VIDEO: County tackles geothermal health study, night drilling




Video by David Corrigan | Voice of Stephanie Salazar

HILO, Hawaii: The County of Hawaii released more information on the Independent Geothermal Health Assessment Joint Fact Finding Study.

Health concerns related to the production of geothermal energy on the island has led to the initiative.

Mayor Billy Kenoi first spoke of these specific plans at a Leilani Estates Association meeting a few weeks ago. The community is located within a few miles of the Puna Geothermal Venture powerplant.

On Tuesday, the county had more:

Officials say “The purpose of this effort is to collect the existing body of knowledge about documented health studies associated with geothermal operations, both here and around the world.

“The Joint Fact Finding effort will collect a range of existing information on air quality around the PGV plant and create a summary of kinds of health issues that community members believe may be linked to geothermal operations.

“Based on a broad and inclusive body of existing information, the study will develop an outline of priority health issues and preferred methodologies that would guide new health research in the Puna region.

At the Leilani meeting, Kenoi promised a fair process

Dr. Peter Adler of Accord 3.0. – who the county says is a nationally known and Hawaii based expert in the field of complex issue management and collaborative problem solving – will convene an independent Working Group to review existing data and come up with a final report.

Addler himself will will be responsible for designing and implementing an independent fact finding process and for preparing an independent report due in February of 2013.

The issue has been on the minds of residents for years, but really reached a boiling point this year when state-led requests for exemptions to certain environmental laws in order speed up the expansion of geothermal on the island were made.

Council Chair Dominic Yagong introduced a bill that would have initiated a health study.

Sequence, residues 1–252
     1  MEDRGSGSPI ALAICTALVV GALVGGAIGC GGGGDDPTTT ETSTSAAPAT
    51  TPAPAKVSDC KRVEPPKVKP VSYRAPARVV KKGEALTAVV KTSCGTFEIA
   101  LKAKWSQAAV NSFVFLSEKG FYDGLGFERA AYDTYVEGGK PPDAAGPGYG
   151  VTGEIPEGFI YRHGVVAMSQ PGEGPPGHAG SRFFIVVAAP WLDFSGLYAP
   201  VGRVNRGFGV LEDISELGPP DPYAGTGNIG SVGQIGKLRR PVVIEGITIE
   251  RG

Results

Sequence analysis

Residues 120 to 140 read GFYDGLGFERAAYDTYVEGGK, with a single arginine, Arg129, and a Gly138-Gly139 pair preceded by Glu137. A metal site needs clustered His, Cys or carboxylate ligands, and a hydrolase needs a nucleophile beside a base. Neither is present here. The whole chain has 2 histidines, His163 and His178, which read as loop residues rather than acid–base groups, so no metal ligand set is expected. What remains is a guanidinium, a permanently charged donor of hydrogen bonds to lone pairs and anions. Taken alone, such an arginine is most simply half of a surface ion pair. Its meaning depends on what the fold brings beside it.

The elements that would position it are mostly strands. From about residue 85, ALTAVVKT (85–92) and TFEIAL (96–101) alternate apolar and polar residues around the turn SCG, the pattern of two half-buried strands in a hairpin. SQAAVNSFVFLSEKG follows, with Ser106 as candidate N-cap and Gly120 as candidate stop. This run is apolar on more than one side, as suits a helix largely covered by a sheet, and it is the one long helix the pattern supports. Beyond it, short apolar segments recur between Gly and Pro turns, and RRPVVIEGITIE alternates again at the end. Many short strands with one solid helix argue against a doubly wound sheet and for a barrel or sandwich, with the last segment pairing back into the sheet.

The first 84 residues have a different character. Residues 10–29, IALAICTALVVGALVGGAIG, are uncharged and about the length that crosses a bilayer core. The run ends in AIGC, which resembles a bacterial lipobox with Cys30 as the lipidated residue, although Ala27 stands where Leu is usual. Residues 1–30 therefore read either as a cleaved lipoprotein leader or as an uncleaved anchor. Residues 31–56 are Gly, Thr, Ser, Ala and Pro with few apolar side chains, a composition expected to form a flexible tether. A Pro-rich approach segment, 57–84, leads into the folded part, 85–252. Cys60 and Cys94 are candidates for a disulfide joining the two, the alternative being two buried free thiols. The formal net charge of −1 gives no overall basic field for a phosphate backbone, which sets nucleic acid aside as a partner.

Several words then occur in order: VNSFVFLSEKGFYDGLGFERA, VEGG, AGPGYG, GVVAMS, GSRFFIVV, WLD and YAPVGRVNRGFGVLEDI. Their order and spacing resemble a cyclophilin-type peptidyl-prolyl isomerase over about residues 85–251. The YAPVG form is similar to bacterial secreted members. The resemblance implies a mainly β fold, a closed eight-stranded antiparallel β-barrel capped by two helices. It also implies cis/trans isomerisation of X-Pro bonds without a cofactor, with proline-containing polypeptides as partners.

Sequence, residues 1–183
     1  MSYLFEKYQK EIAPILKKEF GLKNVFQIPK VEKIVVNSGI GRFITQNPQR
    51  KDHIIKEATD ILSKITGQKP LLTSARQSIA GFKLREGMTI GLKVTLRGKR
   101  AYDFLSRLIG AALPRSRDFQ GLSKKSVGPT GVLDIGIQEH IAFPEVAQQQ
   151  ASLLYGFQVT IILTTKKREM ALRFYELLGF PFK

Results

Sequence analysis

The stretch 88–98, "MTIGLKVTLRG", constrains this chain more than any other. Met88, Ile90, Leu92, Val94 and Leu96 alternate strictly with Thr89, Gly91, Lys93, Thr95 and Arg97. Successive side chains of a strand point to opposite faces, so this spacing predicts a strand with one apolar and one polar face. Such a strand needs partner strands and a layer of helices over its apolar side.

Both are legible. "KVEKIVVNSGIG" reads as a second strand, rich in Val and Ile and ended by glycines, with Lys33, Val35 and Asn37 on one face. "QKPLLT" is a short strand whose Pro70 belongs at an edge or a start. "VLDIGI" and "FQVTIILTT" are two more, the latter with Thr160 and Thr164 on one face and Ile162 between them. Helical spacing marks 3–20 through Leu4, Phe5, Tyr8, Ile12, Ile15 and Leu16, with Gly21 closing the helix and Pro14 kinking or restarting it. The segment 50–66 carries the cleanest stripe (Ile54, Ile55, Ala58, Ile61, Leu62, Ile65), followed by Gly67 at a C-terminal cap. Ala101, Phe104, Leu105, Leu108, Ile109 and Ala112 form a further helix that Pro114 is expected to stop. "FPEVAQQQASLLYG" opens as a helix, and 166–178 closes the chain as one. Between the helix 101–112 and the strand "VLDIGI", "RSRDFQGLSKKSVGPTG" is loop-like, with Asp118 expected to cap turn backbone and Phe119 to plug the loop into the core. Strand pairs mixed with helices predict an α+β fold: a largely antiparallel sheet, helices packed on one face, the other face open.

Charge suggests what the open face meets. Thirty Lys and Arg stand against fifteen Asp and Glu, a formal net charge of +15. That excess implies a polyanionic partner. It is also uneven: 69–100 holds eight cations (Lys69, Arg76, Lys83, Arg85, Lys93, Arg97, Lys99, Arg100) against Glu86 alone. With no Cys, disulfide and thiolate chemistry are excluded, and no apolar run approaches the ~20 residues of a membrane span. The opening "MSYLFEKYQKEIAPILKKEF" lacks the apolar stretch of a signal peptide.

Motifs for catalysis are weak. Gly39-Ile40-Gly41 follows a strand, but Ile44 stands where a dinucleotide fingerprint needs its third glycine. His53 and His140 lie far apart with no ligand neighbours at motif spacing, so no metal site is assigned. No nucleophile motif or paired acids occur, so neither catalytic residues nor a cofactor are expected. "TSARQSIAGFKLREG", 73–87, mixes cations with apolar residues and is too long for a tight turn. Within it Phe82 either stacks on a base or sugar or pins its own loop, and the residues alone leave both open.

However, the bill would have also changed the geothermal relocation and community benefits program.

The community was divided over the issue. Meanwhile, the county council approved the bill, only for it to be vetoed by the mayor.

Although the mayor’s veto had the support of many in the Leilani community, the desire to conduct a health study remained.

Now, the administration is coming up with its own plan… this time the funds to conduct health studies will be available through the Geothermal Asset Fund, which is overseen by the Windward Planning Commission.

The county says Dr. Adler will begin immediately with a series of one-on-one interviews with a range of community, medical and regulatory individuals. He hopes to identify key issues, data sources and people that can bring unique insight and information to the topic. Based on these interviews, Adler will convene a formal Working Group made up of the full spectrum of expertise and passions in the issue. The county says this Group will meet for 3-4 months to review existing studies, listen to additional input and help to define a clear path forward.

Meanwhile, Hawaii County Council Chair Dominic Yagong  hasn’t given up his geothermal fight.

Bill 292 seeks to stop exploratory drilling in the night time hours. Residents living near the Puna Geothermal Venture power plant have complained about the noise during the most recent round of drilling.

Yagong has taken up the cause in his new resolution, which was voted through committee with a positive recommendation.

Some questioned if the county has the authority to make such mandates. There was a hangup during the discussion when the county corporation counsel wanted to go to executive session.

It is not known what privileged information was discussed during the closed door meeting, however the council continued with their discussion in public view right afterwards.

The council questioned PGV plant manager Mike Kaleikini about the current permit to drill.

The bill passed first reading. It will need to pass one more vote at the council before going to the mayor for his approval.

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